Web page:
Scientific associateChairman, Esso Petroleum Co. Ltd., Esso Research Centre, Abingdon, Oxfordshire
Principal scientistChairman, Shell Research Limited, Thornton Research Centre, Chester,
Pages: 9 Published: Jan 1989
Co-ordinating European Council (CEC) studies showed good agreement among results obtained with different types of high-shear viscometers. Curve-fitting procedures based on the Extended Cross Equation provided a means of comparing results from different viscometers and permitted the interpolation and extrapolation of viscosities to a standard temperature and shear rate, for example, 150°C and 106 s-1. These studies contributed significantly to the development of the first low-cost, commercial, rotational viscometer capable of measuring viscosity over appropriate temperature and shear rate ranges. Satisfactory precision was demonstrated, and international standard procedures were established for the Ravenfield viscometer. Engine studies showed strong linear correlations of high-temperature, high-shear (HTHS) viscosity with engine friction, engine-bearing oil flow, and fuel saving. Results of engine wear tests, however, did not appear to be viscosity dependent. Areas for future study, for example, measurement of bearing oil film thickness, are indicated, and the interaction of CEC with the European Committee of Common Market Automobile Constructors (CCMC), ASTM, and the Society of Automotive Engineers (SAE) is described.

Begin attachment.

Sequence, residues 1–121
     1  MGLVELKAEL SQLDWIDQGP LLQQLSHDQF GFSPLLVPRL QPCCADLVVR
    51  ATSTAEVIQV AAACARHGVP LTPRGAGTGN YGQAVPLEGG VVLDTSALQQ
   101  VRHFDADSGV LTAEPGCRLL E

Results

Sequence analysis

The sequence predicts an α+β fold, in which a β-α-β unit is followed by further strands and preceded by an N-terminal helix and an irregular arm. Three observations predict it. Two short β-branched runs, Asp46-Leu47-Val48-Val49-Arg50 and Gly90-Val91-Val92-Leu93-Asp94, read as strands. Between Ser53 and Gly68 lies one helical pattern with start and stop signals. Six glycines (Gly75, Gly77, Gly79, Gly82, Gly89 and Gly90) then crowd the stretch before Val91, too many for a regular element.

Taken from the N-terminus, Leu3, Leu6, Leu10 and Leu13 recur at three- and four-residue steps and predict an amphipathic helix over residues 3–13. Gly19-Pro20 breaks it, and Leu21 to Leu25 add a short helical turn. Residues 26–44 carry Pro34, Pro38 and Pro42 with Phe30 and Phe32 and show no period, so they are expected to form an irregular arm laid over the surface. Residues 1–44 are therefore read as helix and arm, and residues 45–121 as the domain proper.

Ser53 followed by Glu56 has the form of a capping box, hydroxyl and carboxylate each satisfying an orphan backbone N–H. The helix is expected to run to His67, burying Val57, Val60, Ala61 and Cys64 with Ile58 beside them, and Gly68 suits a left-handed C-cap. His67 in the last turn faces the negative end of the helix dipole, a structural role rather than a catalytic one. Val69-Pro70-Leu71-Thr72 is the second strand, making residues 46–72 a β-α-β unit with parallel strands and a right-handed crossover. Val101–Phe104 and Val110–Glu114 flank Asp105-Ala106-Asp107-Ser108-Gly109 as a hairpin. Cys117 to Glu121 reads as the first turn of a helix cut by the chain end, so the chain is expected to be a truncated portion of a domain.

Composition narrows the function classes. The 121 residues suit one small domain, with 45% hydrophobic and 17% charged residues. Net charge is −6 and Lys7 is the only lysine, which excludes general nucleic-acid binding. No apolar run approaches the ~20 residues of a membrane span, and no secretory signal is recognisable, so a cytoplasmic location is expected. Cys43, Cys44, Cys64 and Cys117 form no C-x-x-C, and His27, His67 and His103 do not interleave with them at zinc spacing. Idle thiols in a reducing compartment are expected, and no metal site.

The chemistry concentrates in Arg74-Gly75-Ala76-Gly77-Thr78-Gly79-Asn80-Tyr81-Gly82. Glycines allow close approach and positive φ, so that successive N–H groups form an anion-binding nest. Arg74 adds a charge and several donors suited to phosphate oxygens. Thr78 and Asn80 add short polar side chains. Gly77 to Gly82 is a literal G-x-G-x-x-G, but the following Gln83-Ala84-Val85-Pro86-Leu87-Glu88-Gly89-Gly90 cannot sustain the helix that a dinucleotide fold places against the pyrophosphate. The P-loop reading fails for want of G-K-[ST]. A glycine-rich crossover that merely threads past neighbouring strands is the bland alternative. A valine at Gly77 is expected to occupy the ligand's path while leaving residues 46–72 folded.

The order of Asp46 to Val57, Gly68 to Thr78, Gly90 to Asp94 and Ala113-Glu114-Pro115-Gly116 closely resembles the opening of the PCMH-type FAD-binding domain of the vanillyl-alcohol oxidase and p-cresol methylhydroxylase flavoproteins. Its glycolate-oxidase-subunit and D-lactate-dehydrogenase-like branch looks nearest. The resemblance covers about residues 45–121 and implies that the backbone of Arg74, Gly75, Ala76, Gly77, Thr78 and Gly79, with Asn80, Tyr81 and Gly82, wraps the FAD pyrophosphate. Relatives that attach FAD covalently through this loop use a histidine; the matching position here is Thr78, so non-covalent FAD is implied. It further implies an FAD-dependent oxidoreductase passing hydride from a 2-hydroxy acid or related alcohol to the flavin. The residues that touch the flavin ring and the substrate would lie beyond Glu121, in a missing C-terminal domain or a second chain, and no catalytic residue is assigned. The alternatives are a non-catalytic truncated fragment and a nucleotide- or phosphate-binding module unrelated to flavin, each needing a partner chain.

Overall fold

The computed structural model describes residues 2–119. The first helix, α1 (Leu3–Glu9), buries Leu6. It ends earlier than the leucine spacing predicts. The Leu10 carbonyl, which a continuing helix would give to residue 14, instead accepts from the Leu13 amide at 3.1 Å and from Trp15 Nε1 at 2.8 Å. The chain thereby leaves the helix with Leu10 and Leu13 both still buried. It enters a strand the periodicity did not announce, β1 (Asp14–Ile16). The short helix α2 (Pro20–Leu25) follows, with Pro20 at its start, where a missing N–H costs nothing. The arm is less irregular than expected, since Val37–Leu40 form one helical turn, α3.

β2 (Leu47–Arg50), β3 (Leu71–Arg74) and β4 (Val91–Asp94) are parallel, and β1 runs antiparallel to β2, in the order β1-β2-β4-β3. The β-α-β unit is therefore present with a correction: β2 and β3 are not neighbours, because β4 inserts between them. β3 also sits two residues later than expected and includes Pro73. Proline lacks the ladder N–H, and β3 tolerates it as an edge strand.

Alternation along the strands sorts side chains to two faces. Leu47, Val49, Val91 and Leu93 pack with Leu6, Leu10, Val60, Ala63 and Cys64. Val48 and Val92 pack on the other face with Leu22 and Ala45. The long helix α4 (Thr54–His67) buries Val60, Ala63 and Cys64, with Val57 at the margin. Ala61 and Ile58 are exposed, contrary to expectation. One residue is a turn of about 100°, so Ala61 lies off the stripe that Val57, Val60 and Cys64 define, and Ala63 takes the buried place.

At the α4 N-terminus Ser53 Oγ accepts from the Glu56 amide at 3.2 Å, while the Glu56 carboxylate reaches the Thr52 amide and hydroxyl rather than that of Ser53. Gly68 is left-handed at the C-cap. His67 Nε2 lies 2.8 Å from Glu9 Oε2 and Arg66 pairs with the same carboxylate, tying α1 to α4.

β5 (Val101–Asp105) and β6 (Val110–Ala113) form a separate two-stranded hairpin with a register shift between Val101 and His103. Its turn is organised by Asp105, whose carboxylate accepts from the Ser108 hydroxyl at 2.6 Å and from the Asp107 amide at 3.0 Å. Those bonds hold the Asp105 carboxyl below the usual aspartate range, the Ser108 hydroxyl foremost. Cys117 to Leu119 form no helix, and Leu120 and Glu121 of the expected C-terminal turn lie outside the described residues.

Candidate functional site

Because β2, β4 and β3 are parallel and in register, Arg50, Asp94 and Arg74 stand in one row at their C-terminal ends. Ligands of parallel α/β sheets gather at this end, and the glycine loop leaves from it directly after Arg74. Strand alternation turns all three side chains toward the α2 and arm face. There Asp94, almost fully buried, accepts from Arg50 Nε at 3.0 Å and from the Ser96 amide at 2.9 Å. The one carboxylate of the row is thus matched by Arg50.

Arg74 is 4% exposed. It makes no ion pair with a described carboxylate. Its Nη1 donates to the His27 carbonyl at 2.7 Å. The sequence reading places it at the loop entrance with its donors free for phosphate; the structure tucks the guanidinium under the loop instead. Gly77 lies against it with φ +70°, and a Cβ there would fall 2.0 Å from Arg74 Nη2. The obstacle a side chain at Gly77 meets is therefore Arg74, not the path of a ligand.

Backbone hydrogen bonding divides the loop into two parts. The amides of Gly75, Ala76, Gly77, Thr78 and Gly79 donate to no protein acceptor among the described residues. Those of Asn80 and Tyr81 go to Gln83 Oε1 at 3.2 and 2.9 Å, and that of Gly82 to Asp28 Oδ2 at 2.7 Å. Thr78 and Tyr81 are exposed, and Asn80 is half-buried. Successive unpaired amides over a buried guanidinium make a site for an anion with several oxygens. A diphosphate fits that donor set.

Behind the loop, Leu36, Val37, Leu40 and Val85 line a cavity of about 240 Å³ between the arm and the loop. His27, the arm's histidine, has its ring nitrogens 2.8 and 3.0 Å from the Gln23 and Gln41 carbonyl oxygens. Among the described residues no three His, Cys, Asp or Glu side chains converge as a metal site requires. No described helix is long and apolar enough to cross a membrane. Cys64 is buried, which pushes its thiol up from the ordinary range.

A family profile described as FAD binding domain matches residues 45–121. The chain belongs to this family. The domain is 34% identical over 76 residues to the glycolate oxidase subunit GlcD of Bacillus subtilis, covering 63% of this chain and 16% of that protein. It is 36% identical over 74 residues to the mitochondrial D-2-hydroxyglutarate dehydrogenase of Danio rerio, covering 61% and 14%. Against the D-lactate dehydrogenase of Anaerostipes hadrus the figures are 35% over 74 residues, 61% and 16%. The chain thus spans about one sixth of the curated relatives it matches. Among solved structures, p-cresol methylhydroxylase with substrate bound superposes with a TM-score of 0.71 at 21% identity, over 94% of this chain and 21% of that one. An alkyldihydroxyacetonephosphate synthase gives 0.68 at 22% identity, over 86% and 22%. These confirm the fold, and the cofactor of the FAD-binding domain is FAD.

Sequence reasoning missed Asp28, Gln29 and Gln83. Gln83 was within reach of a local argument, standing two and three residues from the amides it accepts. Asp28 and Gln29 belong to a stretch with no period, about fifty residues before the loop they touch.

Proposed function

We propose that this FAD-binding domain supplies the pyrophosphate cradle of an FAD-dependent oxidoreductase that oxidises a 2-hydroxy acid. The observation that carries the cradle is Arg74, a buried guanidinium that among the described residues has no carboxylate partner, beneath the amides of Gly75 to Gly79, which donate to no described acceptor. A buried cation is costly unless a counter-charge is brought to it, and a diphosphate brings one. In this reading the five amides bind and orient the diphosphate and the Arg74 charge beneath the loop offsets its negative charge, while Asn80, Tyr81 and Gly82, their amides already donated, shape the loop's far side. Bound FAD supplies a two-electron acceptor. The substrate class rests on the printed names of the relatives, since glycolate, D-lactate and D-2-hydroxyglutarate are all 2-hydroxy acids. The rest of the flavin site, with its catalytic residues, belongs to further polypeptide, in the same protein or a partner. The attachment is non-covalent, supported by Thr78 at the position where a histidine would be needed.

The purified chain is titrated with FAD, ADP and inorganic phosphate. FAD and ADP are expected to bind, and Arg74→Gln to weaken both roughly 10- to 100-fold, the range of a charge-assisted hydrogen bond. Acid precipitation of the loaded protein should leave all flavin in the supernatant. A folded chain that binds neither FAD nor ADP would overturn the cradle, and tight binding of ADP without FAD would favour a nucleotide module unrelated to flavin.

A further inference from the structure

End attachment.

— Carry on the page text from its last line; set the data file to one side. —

Co-ordinating European Council (CEC), engine oil, high-temperature, high-shear rate viscosity, high-shear viscometers, Ravenfield viscometer, curve-fitting procedures, Extended Cross Equation, engine friction, engine-bearing oil flow, fuel saving, oil viscosity-engine performance correlation, engine-bearing oil film thickness
Paper ID: STP23001S